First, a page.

Peru–Lake Titicaca and Arequipa

“One’s destination is never a place, but a new way of seeing things.”

Henry Miller

Lake Titicaca is shared by Peru and Bolivia, and through the millennia various cultures have also developed, many at the same time, around the huge, beautiful lake and it´s 40 plus islands.  Titicaca is at an altitude of 12,500 feet and is the largest in S. America, if you don´t count the salt bay of Maracaibo.  I decided to relax in the La Paz weekend escape town of Copacabana for a couple of days before traveling through Peru.  Since I´d been in and around the lake before, I didn´t do the tourist route in and around Titicaca.

On the way to Titicaca

Titicaca on the way to Copa

Our bus and passengers caught different ferries to reach Copacabana

Our bus and passengers caught different ferries to reach Copacabana

This shrine to Bolivia’s patron saint, Basilica of our Lady of Copacabana, built in the 16th century, is stunning.

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Check out more detailed shots of church if you have time: More pics of Basilica

Some other views of Copa:

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Old woman unable to stand beggng at bus station.

Old woman unable to stand beggng at bus station.

Chef Peter, is pictured below (doing his best not to look miserable) while recovering from a 3 day bout with Tupac Amaru’s revenge, including IV antibiotic/rehydration.  Peter gets my medal for most amazing traveler I’ve met so far.  He makes money as a taxi driver when not traveling, as well as being a Chef in Munich and on the road.  He’s lived in Australia, New Zealand, Africa, and elsewhere for years at a time.  In 35 years of travel, he’s covered over 130,000 km (83,700 mi) and 95 countries.  ALL BY BICYCLE!!!  His trips include Munich (home town) to So. Africa, and Hong Kong to Istanbul.  He met only two other travelers in his many months of traversing China years ago.  He’s done over 20,000 km on this trip and will end up biking the Andes from South to North…yikes!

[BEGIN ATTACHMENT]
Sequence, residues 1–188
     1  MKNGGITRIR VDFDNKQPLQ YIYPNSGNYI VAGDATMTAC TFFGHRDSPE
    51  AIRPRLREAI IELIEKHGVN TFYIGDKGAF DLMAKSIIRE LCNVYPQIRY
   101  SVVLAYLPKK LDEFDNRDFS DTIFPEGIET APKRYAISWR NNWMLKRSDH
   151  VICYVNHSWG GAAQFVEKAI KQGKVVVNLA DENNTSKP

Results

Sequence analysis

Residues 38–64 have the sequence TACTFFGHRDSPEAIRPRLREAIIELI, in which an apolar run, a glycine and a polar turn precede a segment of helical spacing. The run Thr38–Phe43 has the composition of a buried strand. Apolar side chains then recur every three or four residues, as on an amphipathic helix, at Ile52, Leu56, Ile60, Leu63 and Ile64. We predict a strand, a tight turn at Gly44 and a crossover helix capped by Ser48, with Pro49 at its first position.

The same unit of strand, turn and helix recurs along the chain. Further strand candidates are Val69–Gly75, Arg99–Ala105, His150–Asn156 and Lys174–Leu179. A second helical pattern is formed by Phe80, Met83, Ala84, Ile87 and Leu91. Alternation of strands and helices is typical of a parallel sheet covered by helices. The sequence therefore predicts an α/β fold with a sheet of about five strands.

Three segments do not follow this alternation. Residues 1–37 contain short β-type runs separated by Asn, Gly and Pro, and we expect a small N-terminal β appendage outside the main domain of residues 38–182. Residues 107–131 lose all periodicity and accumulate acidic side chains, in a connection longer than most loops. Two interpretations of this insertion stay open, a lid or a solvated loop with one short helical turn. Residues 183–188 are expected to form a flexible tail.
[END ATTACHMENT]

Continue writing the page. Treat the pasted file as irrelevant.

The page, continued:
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I did walk to a small fishing village nearby called Saraina, and below are a few images of that outing:

Village Pres (with grandkid), VP and Secretary.  We talked about projects the village is working on.

Village Pres (with grandkid), VP and Secretary. We talked about the village and projects the village is working on.

Boys straightening and packing nets for next day's outing.

Boys straightening and packing nets for next day’s outing.

View from the village shoreline.

View from the village shoreline.

I also became friends with the microbus driver who invited me to see the house he’s building for and with his son in the north of the penninsula.  Some pics from the trip there:

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View from cliff by the new house

View from cliff by the new house

His mom and dad were preparing cement... building crew was all family.  House for his son and family.

His mom and dad, perhaps 72 years old, were preparing cement… building crew was all family.

From Copa, I took a long bus ride to the well-preserved colonial city Arequipa, Peru.  I enjoyed reading, relaxing and watching movies on the great long distance buses.  Took a walking tour of the great white city, where buildings are built of sillar, or ignimbrite, rock formed by millenia of volcanic activity and gases. Here’s a glimpse: